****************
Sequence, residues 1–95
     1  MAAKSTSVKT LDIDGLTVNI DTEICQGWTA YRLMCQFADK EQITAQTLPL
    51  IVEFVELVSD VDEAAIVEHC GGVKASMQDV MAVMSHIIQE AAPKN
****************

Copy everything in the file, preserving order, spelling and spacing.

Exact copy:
Sequence, residues 1–95
     1  MAAKSTSVKT LDIDGLTVNI DTEICQGWTA YRLMCQFADK EQITAQTLPL
    51  IVEFVELVSD VDEAAIVEHC GGVKASMQDV MAVMSHIIQE AAPKN